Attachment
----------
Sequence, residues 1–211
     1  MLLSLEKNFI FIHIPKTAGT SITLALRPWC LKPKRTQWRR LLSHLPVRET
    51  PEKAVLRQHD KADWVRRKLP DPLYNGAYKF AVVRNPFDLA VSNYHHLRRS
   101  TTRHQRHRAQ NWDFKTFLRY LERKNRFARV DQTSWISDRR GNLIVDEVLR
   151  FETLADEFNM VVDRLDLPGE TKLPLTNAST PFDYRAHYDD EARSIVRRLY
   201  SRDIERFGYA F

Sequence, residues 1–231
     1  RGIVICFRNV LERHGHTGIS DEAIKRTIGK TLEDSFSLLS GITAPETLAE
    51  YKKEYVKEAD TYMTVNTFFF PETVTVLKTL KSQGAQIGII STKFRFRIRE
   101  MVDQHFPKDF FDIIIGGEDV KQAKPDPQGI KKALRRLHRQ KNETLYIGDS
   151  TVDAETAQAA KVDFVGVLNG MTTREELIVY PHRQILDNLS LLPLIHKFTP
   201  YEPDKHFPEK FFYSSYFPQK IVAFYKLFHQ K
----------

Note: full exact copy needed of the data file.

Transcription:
Sequence, residues 1–211
     1  MLLSLEKNFI FIHIPKTAGT SITLALRPWC LKPKRTQWRR LLSHLPVRET
    51  PEKAVLRQHD KADWVRRKLP DPLYNGAYKF AVVRNPFDLA VSNYHHLRRS
   101  TTRHQRHRAQ NWDFKTFLRY LERKNRFARV DQTSWISDRR GNLIVDEVLR
   151  FETLADEFNM VVDRLDLPGE TKLPLTNAST PFDYRAHYDD EARSIVRRLY
   201  SRDIERFGYA F

Sequence, residues 1–231
     1  RGIVICFRNV LERHGHTGIS DEAIKRTIGK TLEDSFSLLS GITAPETLAE
    51  YKKEYVKEAD TYMTVNTFFF PETVTVLKTL KSQGAQIGII STKFRFRIRE
   101  MVDQHFPKDF FDIIIGGEDV KQAKPDPQGI KKALRRLHRQ KNETLYIGDS
   151  TVDAETAQAA KVDFVGVLNG MTTREELIVY PHRQILDNLS LLPLIHKFTP
   201  YEPDKHFPEK FFYSSYFPQK IVAFYKLFHQ K